Hong Kong Transit – A Day Stop in Asia’s World City

Although millions of people pass through Hong Kong every year, on their way from here to there, many of them don’t really know what are the best ways to spend a day in this exciting metropolis.

This article will show you how to cover Hong Kong’s most popular attractions on a day-long stopover.

After clearing customs and immigration, proceed to the luggage storage counter at the ‘Meeters and Greeters Hall’, where you can store your trolley or bag till you come back…

Buy an “Octopus Card” from the Airport Express Counter at the Arrivals Hall and hop on the Airport Express Train, with which you can travel all the way to Hong Kong Station.

Victoria Peak (or simply “The Peak”) is one of Hong Kong’s most popular tourist attractions and probably the best starting point. Having your breakfast or morning coffee while enjoying some spectacular views is definitely a nice way to start your Hong Kong day-tour.

The Peak Tram is the most popular (and scenic) way of getting to The Peak. It operates daily, 7 am – 12 midnight and climbs the full distance in approximately 7 minutes.

A short walk from Hong Kong Station (exit C) will bring you to the Lower Terminus, on Garden Road, where you can buy the ticket and board the tram (you can also pay with your “Octopus Card”)

Pacific Coffee, near the “upper terminus”, is open daily from as early as 7:30 am, and is the best place to enjoy your “coffee with a view” at such an early hour.

Down from “The Peak” walk back towards Hong Kong Station and through “the elevated walkway” to the pier from which the Star Ferry departs to Tsim sha Tsui. This historic ferry route is very popular with tourists and has long become one of Hong Kong’s most prominent icons.

From the ferry building, turn right and walk along the waterfront to the Avenue of Stars: Hong Kong’s answer to Hollywood’s Walk of Fame, where floor plaques of Hong Kong film industry’s who’s who can be seen.

This is also the best place to take photos of Hong Kong’s spectacular skyline.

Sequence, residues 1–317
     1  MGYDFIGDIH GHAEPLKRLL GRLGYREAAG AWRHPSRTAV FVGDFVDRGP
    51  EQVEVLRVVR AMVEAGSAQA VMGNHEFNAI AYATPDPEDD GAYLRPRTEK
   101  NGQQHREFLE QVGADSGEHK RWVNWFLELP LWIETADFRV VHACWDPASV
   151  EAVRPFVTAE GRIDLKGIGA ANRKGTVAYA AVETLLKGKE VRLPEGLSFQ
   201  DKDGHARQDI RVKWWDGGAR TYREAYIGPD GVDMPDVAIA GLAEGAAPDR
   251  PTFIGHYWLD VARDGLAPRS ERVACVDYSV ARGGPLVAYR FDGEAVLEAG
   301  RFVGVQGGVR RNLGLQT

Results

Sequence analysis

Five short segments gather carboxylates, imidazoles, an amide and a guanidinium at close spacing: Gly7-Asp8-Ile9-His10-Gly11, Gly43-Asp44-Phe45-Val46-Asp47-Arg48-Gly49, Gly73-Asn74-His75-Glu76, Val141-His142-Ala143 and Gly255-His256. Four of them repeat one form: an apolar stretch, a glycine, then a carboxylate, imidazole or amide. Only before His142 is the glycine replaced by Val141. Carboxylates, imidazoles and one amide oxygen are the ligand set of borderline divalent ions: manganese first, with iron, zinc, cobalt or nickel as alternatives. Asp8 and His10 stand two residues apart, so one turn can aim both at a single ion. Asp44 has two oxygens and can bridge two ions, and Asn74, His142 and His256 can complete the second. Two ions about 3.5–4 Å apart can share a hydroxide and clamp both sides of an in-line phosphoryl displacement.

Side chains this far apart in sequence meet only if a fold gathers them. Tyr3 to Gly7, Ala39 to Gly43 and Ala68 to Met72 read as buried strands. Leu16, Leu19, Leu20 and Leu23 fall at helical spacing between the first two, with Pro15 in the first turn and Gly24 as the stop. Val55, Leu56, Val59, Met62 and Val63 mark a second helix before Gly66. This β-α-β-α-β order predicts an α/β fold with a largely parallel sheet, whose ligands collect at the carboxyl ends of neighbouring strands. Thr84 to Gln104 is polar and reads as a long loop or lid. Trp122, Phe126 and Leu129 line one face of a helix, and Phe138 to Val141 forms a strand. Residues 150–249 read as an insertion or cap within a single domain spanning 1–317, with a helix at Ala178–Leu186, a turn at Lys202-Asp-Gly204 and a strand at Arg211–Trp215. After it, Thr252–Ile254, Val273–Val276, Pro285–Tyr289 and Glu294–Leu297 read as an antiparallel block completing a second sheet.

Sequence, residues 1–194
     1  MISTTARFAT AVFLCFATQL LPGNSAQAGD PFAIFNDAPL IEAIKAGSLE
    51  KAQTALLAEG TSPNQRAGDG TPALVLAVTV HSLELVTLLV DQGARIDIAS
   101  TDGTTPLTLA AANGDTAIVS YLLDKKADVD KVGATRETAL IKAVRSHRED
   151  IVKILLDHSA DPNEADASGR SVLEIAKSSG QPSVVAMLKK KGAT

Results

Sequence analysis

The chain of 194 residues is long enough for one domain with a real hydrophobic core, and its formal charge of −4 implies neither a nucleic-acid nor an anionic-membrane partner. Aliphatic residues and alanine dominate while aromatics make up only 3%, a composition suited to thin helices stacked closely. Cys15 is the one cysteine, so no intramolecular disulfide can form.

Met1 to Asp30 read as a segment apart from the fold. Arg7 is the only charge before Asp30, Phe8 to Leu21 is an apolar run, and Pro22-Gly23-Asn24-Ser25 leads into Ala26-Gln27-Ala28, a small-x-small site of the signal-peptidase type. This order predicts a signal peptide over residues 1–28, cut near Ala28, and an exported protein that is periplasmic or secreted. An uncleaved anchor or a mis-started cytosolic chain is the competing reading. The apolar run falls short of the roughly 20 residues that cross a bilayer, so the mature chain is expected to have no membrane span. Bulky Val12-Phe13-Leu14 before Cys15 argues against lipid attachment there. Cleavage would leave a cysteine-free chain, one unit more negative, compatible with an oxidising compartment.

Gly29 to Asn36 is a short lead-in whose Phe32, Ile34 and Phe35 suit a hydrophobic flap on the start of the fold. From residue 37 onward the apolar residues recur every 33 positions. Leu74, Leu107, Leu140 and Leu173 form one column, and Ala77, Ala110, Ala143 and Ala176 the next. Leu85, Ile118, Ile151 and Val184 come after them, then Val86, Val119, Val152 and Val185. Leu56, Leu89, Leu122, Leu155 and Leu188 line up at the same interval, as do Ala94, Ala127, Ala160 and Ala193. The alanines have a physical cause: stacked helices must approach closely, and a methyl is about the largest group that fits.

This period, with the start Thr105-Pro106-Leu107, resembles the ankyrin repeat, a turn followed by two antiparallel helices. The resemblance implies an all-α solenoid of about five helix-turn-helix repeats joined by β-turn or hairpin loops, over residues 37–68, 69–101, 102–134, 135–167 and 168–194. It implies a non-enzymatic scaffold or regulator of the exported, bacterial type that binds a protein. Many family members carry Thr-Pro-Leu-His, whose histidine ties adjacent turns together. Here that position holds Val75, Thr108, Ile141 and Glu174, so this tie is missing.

From here, you can take a short walk to the Hong Kong Museum of History, where “the story of Hong Kong” is told… From the geological changes that took place hundreds of millions of years ago, through prehistoric eras, notable historical events and until present day. The museum is fairly rich and boasts plenty of interesting exhibits.

Continue to Nathan Road, Kowloon’s main thoroughfare, and proceed through Jordan Road to Canton Road, which is popularly known as Jade Street.

Jade and its products are the specialty of most of the shops along this section of Canton Road, as well as of those in the neighboring Jade Market, and there is certainly a lot to see (and to buy…). From Jade Street. you can turn right to Ning Po Street , where many traditional Chinese shops and businesses can be found.

The Old Tin Hau Temple, just a few minutes walk from the Jade Market, was built in the 1880s and is one of Kowloon’s oldest temples. It is dedicated to Tin Hau (Matsu), Goddess of the sea, protector of seafarers and one of Hong Kong’s most beloved deities.

From the temple, you can either walk or take the MTR to Mong Kok area, where some of Hong Kong’s best open-air markets can be found:

As its name denotes, Ladies’ Market specializes in women’s clothing, accessories, cosmetics, and the like, although you can find here more than a few stalls that sell men’s and children’s products, including toys, clothes, bags, jeans and watches, just to name a few…

Sai Yeung Choi Street South boasts shops of consumer electronic products at street level and upstairs bookstores above.

Fa Yuen Street concentrates many retailers of sports equipment and clothing, while Fa Yuen Street Market, in the north part of Fa Yuen Street, is full of shops selling bargain-priced trendy fashion and casual wear for men, women and children.

While in Mong Kok, you should also make a point to visit the Goldfish Market, the Flower Market and the Yuen Po Street Bird Garden (or just “Bird Garden), where dozens of bird shops are located and hundreds of colorful songbirds in exquisitely crafted cages can be seen…

Mong Kok is also packed with many authentic eateries and restaurants where you can enjoy some delicious local food at reasonable prices:

Curry A La King, on 88 Soy Street, is a paradise for curry lovers, serving a wide selection of scrumptious curries from different Asian cuisines.

Satay King, on ladies market, specializes in Southeast Asian satays.

MongKok Fung Shing Restaurant, on 749 Nathan Road, is known for its superb dim-sum and delicious crispy chicken.

Lucky Corner Restaurant, on 146 Sai Yeung Choi Street South, is a rather humble eatery which has been serving some of the best Wonton Noodles in Hong Kong for God knows how many years.

Little Sheep (4th floor, 16 Argyle Street)is one of Hong Kong’s most favorite hotpot restaurants.

Fu Kei Restaurant, in King Wah Centre, is serving fabulous food from different Chinese cuisines.

That’s it… You can now take the MTR to Central, from which you link to Hong Kong Station (there is a pedestrian passage) and continue with the Airport Express, back to Hong Kong Airport.